Chapter 12: Cotton is King: The Antebellum South, 1800–1860
The Economics of Cotton
In the years before the Civil War, the South produced the bulk of the world’s supply of cotton. The Mississippi River Valley slave states became the epicenter of cotton production, an area of frantic economic activity where the landscape changed dramatically as land was transformed from pinewoods and swamps into cotton fields. Cotton’s profitability relied on the institution of slavery, which generated the product that fueled cotton mill profits in the North. When the international slave trade was outlawed in 1808, the domestic slave trade exploded, providing economic opportunities for Whites involved in many aspects of the trade and increasing the possibility of enslaved people’s dislocation and separation from kin and friends. Although the larger American and Atlantic markets relied on southern cotton in this era, the South depended on these other markets for food, manufactured goods, and loans. Thus, the market revolution transformed the South just as it had other regions.
African Americans in the Antebellum United States
Slave labor in the antebellum South generated great wealth for plantation owners. Enslaved people, in contrast, endured daily traumas as human property. Enslaved people resisted their condition in a variety of ways, and many found some solace in Christianity and the communities they created in the slave quarters. While some free Black people achieved economic prosperity and even became slaveholders themselves, the vast majority found themselves restricted by the same White-supremacist assumptions upon which the institution of slavery was based.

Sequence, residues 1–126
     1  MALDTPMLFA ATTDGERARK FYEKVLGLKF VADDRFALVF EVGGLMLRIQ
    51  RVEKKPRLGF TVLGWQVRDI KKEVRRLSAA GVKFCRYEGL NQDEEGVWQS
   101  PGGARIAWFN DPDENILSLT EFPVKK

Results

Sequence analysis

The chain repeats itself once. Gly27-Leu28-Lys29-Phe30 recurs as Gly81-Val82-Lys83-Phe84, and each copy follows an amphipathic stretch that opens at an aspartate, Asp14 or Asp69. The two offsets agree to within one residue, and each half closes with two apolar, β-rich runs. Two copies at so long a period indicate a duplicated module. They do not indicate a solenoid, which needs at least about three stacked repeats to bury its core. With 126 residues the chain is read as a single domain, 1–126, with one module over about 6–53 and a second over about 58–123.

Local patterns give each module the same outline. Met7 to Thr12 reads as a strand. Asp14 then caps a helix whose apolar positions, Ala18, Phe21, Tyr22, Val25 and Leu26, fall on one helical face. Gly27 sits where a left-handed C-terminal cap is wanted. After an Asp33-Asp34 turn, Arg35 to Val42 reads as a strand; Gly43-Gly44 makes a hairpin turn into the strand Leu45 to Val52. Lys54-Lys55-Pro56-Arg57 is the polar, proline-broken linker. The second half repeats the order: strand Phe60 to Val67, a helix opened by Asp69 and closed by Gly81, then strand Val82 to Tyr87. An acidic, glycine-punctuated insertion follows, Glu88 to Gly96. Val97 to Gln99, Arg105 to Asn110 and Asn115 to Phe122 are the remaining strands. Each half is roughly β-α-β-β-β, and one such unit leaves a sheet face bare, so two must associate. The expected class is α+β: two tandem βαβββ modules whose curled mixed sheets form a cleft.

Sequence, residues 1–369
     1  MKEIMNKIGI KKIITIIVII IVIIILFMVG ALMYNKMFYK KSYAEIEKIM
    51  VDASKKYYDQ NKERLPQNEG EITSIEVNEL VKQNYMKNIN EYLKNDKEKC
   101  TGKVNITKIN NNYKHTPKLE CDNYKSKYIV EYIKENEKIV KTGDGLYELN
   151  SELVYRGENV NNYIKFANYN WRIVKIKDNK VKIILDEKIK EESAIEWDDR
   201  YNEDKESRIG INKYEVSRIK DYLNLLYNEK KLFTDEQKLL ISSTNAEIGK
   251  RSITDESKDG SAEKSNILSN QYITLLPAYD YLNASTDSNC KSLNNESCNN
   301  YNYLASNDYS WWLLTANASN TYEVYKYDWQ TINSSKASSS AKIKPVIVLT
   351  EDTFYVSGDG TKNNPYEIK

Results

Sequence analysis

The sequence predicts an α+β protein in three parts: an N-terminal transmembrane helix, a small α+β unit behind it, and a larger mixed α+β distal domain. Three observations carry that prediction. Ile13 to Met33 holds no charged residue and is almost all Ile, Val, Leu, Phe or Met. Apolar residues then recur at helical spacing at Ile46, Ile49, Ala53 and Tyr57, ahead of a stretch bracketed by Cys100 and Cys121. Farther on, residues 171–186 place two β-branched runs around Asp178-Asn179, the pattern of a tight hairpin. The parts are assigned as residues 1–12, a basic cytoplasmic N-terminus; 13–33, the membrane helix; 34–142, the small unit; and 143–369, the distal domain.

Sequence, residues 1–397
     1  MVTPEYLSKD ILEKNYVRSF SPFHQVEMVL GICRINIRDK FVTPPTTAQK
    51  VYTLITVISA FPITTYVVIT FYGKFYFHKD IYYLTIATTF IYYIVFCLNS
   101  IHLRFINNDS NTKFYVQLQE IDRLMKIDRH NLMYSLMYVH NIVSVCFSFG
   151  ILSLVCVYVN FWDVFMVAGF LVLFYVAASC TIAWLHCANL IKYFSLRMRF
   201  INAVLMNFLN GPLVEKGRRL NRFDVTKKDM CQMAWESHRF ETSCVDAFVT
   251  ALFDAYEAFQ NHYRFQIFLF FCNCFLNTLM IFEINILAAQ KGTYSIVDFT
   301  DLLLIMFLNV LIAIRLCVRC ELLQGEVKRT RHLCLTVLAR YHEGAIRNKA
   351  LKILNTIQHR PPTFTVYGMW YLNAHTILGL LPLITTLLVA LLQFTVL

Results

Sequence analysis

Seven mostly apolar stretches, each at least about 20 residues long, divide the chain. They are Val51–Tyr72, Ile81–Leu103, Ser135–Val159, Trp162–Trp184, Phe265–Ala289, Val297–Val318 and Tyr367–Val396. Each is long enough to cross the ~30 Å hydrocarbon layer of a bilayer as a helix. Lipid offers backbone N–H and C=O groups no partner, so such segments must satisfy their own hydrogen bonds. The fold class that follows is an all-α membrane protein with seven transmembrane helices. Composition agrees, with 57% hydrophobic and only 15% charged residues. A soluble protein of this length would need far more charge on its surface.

Wealth and Culture in the South
Although a small White elite owned the vast majority of enslaved people in the South, and most other White people could only aspire to slaveholders’ wealth and status, slavery shaped the social life of all White southerners in profound ways. Southern culture valued a behavioral code in which men’s honor, based on the domination of others and the protection of southern White womanhood, stood as the highest good. Slavery also decreased class tensions, binding Whites together on the basis of race despite their inequalities of wealth. Several defenses of slavery were prevalent in the antebellum era, including Calhoun’s argument that the South’s “concurrent majority” could overrule federal legislation deemed hostile to southern interests; the notion that slaveholders’ care of their chattel made the enslaved better off than wage workers in the North; and the profoundly racist ideas underlying polygenism.
The Filibuster and the Quest for New Slave States
The decade of the 1850s witnessed various schemes to expand the American empire of slavery. The Ostend Manifesto articulated the right of the United States to forcefully seize Cuba if Spain would not sell it, while filibuster expeditions attempted to annex new slave states without the benefit of governmental approval. Those who pursued the goal of expanding American slavery believed they embodied the true spirit of White racial superiority.